LESSON 18: HEIGHTENED ANTICIPATION
Any individual who does not believe in [the coming of Moshiach], or does not await his arrival, is rejecting not only the prophets, but the Torah and Moses, too—for the Torah promises us regarding his arrival (Deuteronomy 30:3-5): "G‑d, your G‑d, will bring back your exiles, and He will have mercy upon you. He will once again gather you... Even if your exiles are at the end of the heavens... G‑d, your G‑d, will bring you [to the land which your forefathers possessed]."
—Maimonides Laws of Kings 11:1
We await the coming of Moshiach because we look forward to finally having peace and reaping the rewards of our millennia-long exile toil. But the Messianic Era isn't all about us and our benefit—it's primarily about a world set right, a world that will be a reflection of its Creator, a world where the rights and wrongs of the Torah are self-evident truths. Until Moshiach comes, Judaism is simply a "religion," seemingly relegated to its houses of worship, the tomes which preach its laws and ideologies, and the lives of its faithful adherents. During the Messianic Era, however, the truths of the Torah will be as self-evident as the laws of gravity and mathematics.
Hence, in a deeper sense, belief in the Redemption is belief in the supreme truth of the Torah. The belief that the world was created by G‑d who used the Torah as His blueprint, and that the day will come when this truth will be patently obvious.
Furthermore, as Maimonides mentions, it is not sufficient to merely believe in the coming of Moshiach, it is also of primary importance to "await his arrival." For it is clear that one who does not yearn for Moshiach's arrival is demonstrating a lack of belief too. Is it conceivable for one to believe that such a magnificent era will indeed be arriving and not eagerly await that day?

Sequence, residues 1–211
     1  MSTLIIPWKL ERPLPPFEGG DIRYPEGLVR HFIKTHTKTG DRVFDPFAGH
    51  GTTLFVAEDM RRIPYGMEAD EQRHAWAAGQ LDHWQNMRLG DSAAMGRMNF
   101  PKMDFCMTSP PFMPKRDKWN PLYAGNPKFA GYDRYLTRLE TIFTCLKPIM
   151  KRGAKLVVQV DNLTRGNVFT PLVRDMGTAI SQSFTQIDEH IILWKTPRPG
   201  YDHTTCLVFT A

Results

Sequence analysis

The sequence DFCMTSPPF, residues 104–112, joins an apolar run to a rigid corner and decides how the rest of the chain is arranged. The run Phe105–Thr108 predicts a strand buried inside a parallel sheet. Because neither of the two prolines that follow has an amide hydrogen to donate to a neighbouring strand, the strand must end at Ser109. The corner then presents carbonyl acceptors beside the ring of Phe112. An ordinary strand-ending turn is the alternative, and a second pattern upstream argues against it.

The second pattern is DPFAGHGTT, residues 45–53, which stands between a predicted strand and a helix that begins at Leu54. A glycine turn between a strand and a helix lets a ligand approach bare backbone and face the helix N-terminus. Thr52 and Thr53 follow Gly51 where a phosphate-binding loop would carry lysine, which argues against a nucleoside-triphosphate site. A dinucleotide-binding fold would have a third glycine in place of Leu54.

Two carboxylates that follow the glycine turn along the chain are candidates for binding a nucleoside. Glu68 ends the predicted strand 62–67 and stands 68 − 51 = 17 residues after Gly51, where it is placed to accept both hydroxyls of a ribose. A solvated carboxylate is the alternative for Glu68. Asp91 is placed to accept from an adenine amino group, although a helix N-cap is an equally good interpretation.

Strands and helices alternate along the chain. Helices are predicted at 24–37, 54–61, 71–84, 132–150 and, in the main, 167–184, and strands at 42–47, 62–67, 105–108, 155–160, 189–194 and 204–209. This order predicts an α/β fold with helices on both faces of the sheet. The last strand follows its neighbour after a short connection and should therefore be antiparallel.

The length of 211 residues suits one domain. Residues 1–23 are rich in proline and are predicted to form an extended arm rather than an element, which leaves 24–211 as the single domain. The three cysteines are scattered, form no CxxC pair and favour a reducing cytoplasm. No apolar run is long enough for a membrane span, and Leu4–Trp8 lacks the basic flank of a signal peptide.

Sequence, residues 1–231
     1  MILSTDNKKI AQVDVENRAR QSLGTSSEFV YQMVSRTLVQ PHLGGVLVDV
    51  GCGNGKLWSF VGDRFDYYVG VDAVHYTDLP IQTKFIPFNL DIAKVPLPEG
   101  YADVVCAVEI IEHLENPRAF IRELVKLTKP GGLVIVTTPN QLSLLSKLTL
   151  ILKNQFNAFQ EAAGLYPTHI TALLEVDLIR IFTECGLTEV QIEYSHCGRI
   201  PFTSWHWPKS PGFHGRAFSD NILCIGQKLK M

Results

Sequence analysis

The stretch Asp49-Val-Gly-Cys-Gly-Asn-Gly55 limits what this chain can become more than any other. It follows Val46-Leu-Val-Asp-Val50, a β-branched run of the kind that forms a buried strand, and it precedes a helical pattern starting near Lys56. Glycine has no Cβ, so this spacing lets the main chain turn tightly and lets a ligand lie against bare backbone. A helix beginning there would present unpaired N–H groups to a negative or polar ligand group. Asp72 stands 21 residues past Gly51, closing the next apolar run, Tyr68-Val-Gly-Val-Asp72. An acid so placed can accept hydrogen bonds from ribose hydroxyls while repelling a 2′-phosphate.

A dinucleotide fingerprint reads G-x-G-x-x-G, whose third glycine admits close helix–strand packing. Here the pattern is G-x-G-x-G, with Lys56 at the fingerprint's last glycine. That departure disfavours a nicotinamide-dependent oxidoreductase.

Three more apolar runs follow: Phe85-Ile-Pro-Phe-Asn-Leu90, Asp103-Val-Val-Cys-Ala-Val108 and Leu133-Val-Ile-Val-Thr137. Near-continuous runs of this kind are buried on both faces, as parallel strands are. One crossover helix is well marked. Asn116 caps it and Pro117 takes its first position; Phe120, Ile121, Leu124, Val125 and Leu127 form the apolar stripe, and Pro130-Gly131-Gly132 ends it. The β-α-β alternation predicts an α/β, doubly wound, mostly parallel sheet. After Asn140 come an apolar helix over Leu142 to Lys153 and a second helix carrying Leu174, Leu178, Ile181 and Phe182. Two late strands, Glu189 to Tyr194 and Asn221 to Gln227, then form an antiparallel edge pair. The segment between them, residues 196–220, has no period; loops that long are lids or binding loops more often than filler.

Yearning for the Redemption is of such importance that according to the Talmud (Shabbat 31a), one of the very first questions a soul is asked when facing the Heavenly Court is: "Did you yearn for the Salvation?" The Midrash (Yalkut Shimoni, Psalms 736) says that "if the Jewish people have no merit other than their yearning for Redemption—they are worthy of being redeemed for that alone!"
Our nation has yearned for and awaited the Redemption for nearly 2,000 years now. The anticipation, however, reached a fevered pitch in recent years, and we must only increase in acts of goodness and kindness in order to be worthy to greet our redeemer.
We can prepare ourselves for Redemption by beginning to "live with Moshiach,"—living a life that is dominated by the values that will characterize the Messianic Era. One primary way this is accomplished is through studying about the Messianic Era. Studying about it makes it a reality in our lives, and allows us to live a life of redemption even in these last moments before we witness the complete and true redemption.